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European Commissioner for International Cooperation, Humanitarian Aid and Crisis Response
Syria: Time is running out
Meeting with the Committee on Foreign Affairs (AFET) and the Committee on Development (DEVE) of the European Parliament / Brussels
23 April 2013
Let me first thank AFET, DEVE Committees and Elmar Brok for their timely invitation.
UN Humanitarian leaders have raised a strong voice on the critical situation in Syria at the UN Security Council of 18 April, which was followed by a strong press statement.
We all know the dreadful facts: 80,000 deaths and 6.5 Mio people in need of assistance in Syria. The resilience of Syrian people, who have helped so many refugees in the past be it Palestinians or Iraqis, has been exhausted by two years of conflict. To take only one example of their reduced capacity to help each other: in Aleppo, one of the oldest continuously inhabited cities in the world with 2.5 Mio inhabitants, there were 5,000 doctors before the start of the civil war. There are now 36 left.
Humanitarian aid is crucial. I would like to once again praise the humanitarian workers in Syria: close to 30 have lost their lives so far. We are increasing assistance, but the intensification of fighting means that needs on the ground grows much faster than the capacity to help: the gap is growing and it is likely to continue growing because of the current trends:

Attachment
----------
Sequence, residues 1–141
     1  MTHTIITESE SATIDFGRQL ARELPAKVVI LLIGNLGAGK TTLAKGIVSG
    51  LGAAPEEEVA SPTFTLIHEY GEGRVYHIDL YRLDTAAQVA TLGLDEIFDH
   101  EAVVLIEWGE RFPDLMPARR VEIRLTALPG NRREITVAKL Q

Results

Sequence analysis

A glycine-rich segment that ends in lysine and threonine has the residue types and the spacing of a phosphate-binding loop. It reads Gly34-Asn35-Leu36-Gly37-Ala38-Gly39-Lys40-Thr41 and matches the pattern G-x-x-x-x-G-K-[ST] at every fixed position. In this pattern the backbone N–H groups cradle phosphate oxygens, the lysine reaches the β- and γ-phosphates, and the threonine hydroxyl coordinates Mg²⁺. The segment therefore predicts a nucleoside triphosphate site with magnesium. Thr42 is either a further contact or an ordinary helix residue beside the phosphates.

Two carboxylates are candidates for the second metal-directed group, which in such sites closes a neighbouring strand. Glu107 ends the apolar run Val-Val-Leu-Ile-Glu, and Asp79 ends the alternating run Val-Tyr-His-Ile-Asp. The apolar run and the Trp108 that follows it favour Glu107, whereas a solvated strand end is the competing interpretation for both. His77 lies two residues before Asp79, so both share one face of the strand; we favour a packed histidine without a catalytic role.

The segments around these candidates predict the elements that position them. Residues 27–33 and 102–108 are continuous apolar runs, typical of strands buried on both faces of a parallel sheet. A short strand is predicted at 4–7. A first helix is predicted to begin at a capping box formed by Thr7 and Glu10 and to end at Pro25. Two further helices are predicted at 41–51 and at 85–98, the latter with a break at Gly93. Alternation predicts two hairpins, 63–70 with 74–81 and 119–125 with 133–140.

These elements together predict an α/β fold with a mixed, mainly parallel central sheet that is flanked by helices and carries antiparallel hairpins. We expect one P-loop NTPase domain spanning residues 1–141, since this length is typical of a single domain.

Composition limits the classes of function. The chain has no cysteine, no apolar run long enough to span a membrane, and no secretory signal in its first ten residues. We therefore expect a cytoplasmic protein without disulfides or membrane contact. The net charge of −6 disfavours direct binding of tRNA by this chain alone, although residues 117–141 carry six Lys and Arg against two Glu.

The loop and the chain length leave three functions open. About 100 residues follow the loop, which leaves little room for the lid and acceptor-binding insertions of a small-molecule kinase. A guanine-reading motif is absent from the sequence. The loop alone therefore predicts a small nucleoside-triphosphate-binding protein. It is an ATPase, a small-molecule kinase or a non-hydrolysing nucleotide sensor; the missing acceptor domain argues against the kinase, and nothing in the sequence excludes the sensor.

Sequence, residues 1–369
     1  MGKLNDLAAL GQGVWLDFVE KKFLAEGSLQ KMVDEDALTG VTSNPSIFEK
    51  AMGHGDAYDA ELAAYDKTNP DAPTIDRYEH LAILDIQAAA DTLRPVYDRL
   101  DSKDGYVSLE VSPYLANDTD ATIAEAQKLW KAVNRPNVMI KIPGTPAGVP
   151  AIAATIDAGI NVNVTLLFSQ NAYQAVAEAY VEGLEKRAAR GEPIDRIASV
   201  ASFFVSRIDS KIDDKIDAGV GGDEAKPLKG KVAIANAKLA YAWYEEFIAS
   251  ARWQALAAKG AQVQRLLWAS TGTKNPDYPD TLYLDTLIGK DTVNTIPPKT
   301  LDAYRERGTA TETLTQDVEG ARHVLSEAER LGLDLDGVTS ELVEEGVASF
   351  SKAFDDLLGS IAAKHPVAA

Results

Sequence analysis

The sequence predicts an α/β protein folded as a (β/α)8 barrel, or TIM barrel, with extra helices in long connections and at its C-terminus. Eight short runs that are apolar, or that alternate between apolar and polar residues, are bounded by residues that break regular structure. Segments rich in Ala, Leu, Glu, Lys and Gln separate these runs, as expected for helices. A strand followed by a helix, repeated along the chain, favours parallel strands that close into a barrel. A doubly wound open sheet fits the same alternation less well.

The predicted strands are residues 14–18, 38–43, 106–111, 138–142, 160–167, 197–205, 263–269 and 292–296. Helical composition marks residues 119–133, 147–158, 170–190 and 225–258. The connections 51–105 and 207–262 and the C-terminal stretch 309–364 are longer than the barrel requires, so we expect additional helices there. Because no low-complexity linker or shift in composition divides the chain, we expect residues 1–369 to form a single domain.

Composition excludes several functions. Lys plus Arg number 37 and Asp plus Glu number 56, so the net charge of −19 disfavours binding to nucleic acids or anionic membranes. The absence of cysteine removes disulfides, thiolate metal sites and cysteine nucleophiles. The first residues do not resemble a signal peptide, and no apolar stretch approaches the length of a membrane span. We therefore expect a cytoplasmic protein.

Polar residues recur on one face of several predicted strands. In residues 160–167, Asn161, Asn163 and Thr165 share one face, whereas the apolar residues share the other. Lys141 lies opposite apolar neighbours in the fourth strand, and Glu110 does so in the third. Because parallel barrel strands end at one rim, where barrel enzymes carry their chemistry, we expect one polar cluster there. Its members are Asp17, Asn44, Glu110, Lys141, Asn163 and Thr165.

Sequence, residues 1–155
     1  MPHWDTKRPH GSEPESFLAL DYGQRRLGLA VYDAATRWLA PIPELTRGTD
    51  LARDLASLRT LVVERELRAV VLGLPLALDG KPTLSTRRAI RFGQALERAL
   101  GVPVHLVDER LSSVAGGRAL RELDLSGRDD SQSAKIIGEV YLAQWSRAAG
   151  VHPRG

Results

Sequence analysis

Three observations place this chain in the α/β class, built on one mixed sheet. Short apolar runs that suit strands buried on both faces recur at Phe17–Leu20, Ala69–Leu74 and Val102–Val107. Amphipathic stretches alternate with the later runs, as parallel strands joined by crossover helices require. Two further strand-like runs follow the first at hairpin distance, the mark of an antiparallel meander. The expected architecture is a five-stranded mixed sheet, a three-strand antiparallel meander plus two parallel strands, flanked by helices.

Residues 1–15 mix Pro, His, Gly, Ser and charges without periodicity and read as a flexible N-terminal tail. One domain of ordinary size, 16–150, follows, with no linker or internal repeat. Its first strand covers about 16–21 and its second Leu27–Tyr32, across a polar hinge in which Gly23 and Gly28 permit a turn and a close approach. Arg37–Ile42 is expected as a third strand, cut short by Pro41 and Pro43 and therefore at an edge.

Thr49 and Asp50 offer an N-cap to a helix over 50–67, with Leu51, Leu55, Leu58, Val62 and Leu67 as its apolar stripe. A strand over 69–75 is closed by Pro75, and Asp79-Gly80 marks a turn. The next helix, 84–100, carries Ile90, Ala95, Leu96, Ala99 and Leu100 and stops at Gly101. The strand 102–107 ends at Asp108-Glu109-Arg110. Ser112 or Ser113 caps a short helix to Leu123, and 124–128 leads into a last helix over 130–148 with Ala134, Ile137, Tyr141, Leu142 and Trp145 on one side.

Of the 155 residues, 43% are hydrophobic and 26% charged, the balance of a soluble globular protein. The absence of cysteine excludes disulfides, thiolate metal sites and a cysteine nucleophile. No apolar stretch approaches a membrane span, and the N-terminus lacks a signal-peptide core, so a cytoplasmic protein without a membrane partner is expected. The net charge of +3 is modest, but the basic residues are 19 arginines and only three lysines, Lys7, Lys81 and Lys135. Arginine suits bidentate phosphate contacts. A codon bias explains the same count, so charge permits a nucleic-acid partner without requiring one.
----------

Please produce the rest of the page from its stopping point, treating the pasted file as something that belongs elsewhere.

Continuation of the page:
The crisis in Syria is the one with the most dramatic spill-over risks that exists today and could have dramatic consequences for the region, and, therefore, Europe.
Once we have the virus of inter-community violence spreading, what could the consequences be? Countries in the neighbourhood in flames, and a humanitarian catastrophe of unimaginable proportions in a region that is close to our shores? So it is a tremendously important moral issue to help inside Syria and support the countries hosting refugees, but it is also in European self-interest to do so.
In the current circumstances, I am convinced that now is the right moment for a new drive to help the Syrian people, the refugees and the strained neighbouring States. I call for three actions where EU leadership can make a difference.
First, we must put pressure to open up more space for humanitarian workers. Our most basic humanitarian principles of access to and protection of victims are being trampled upon and violated on a daily basis. Hospitals, bakeries, aid convoys and medical personnel are being targeted. Rape is becoming widespread - a weapon of war.
In the year we are celebrating the Red Cross' s 150th anniversary its values are receding to a pinpoint on the horizon. Our aid is becoming polluted by politics. The purpose of humanitarian aid is not to confer any advantage to one side against an other – we are not "with you or against you". It is about providing assistance to all civilian victims without discrimination. Humanitarian aid is a lifeline: it should not be defined by front-lines.